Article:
Detroit’s contentious swaps

September 24, 2013

The proposed settlement between Detroit’s emergency manager Kevyn Orr and the city’s swaps counterparties, UBS and Merrill Lynch, is on the docket this week in federal bankruptcy court where the case is being heard. The Bond Buyer reported:

Key hearings on #detroit‘s swap settlement originally set for this week may be delayed … parties in mediation.

— Caitlin Devitt (@Devitt_BB) September 23, 2013

Mediation could be a good alternative for the parties because this is a complex element of Detroit’s bankruptcy. Circling around the perimeter of this bankruptcy litigation and mediation is the bond insurer Syncora, which insured both the underlying pension obligation bonds and the interest rate swaps that are part of the negotiations between Orr, UBS and Merrill Lynch. Orr has worked to force Syncora, the bond insurer, out of the picture and essentially leave it responsible to pay off the pension obligation bonds without access to Detroit’s casino tax revenues. Syncora believes that it is legally entitled to access the casino revenues because it insured the pension obligation bonds, which have a cross-default covenant with the swaps.

The Detroit News does an excellent job of threading the story together:

[Orr’s] proposal to pay UBS AG and Bank of America [Merrill Lynch] at least $250 million to terminate an interest rate swap arrangement that went bad for the city during the recession is opposed by insurers of the debt who stand to lose millions of dollars and retirees owed billions of dollars in promised retirement benefits.

Some legal and financial experts also question why Orr is trying to settle with the two big banks so quickly in the bankruptcy process.

Orr rushed to settle with UBS and Merrill Lynch before he filed for bankruptcy. These swap counterparties were the only creditors that he actively negotiated with before filing for bankruptcy on July 18th. Some are wondering why. More from The Detroit News:

‘He gave the banks a big, wet sloppy kiss,’ said Michael Greenberger, a financial derivatives expert at the University of Maryland law school. ‘Why should the banks get 75 to 82 cents on the dollar, but the Detroit workers get 10 cents on the dollar? Whose life is destroyed by this?’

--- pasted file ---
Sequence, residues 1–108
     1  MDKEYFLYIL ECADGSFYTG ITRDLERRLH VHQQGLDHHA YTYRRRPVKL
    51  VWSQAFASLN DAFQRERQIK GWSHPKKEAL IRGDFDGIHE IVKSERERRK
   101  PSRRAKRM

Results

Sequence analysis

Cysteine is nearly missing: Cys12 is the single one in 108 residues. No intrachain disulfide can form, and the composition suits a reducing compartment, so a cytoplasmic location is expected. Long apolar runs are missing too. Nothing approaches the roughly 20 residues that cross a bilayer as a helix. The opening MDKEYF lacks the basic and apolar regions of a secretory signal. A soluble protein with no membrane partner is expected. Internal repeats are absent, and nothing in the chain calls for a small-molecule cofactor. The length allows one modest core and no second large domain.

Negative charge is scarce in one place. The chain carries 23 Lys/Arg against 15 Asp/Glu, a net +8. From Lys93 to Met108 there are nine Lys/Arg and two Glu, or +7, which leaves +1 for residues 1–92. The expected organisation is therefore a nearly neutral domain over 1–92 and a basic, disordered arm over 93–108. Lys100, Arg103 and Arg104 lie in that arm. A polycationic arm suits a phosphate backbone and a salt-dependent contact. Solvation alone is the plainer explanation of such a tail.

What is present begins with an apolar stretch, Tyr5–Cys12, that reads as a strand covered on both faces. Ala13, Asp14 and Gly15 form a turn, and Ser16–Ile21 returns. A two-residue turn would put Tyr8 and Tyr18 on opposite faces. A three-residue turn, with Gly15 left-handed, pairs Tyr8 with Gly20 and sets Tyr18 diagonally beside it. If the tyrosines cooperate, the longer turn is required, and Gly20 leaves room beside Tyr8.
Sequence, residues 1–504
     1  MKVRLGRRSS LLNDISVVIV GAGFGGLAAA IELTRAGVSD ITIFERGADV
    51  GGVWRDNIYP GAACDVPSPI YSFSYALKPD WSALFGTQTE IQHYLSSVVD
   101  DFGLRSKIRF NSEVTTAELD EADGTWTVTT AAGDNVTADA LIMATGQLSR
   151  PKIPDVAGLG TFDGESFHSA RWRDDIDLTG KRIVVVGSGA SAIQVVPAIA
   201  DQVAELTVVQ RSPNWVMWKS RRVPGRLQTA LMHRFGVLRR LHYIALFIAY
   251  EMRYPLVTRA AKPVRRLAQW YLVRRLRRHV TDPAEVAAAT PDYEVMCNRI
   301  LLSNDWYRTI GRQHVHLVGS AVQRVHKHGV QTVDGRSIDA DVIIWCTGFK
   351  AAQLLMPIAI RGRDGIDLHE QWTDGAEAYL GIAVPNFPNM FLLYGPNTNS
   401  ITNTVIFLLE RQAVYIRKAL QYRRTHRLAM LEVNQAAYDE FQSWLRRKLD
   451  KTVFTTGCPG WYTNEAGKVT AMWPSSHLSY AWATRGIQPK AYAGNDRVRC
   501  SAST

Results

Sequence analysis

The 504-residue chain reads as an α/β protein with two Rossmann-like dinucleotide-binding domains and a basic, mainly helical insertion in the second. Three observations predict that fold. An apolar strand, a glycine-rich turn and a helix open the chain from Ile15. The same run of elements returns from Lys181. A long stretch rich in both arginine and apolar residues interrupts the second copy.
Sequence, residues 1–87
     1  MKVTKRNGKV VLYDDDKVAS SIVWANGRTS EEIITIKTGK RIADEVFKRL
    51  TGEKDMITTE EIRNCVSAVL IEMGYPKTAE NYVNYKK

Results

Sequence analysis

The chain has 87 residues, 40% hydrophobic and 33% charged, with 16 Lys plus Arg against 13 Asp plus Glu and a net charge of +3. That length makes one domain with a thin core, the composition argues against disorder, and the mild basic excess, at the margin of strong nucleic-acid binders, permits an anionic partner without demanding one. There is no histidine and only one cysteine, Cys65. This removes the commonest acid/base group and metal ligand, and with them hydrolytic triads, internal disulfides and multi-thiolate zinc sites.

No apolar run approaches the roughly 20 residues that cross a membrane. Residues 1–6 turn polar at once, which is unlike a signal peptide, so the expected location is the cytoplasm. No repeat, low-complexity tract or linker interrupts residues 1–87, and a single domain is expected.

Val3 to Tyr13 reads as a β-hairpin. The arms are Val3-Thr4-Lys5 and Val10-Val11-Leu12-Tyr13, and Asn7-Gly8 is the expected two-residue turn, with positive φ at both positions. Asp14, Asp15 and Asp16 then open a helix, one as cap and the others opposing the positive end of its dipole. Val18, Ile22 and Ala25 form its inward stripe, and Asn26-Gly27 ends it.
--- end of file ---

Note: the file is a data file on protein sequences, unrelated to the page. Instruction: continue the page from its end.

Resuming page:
A committee of retirees also is urging U.S. Bankruptcy Judge Steven Rhodes to reject the settlement, which will be litigated over three days of hearings set to begin Tuesday.

‘Once (the banks) take this money, that’s money that’s not available to satisfy the claims of the other claimants,’ said Peter Shapiro, a South Orange, N.J., financial consultant who advises cities and states on interest rate swaps.

Orr defended his rush to settle with the swaps counterparties as a need to free up casino tax revenues. From Detroit News again:

Orr has said he has no choice but to pay UBS and Bank of America a large chunk of what they’re owed because the banks control access to $15 million a month in casino tax revenues through another deal that staved off bankruptcy for the Motor City in 2009.

‘The city needs the casino revenue badly,’ Orr said last month in a sworn deposition. ‘Every day that we don’t have access to casino revenue, we cannot make the necessary reinvestment in this city to provide for the health, safety and welfare of the citizens.’

Orr obtained control of the casino revenues in mid July through a temporary restraining order against Syncora from a Michigan State Supreme Court. The bankruptcy court affirmed Orr’s control of the revenues on August 28. It’s been reported that Orr wants to use these casino revenues as collateral for a loan to pay off the swap counterparties.

This is the big-boy money fight in the Detroit bankruptcy. Much of it is happening in the dark. The few glimpses we can catch are like distorted images in a fun house mirror.

Syncora is suing UBS in federal court in Manhattan over the Detroit swaps. Detroit officials tried to involve themselves in that case, but federal judge Lewis A. Kaplan said they are not welcome.

Every move that Orr makes seems to be to trying to pay off UBS and Merrill Lynch before anyone else is repaid.

Why the rush?

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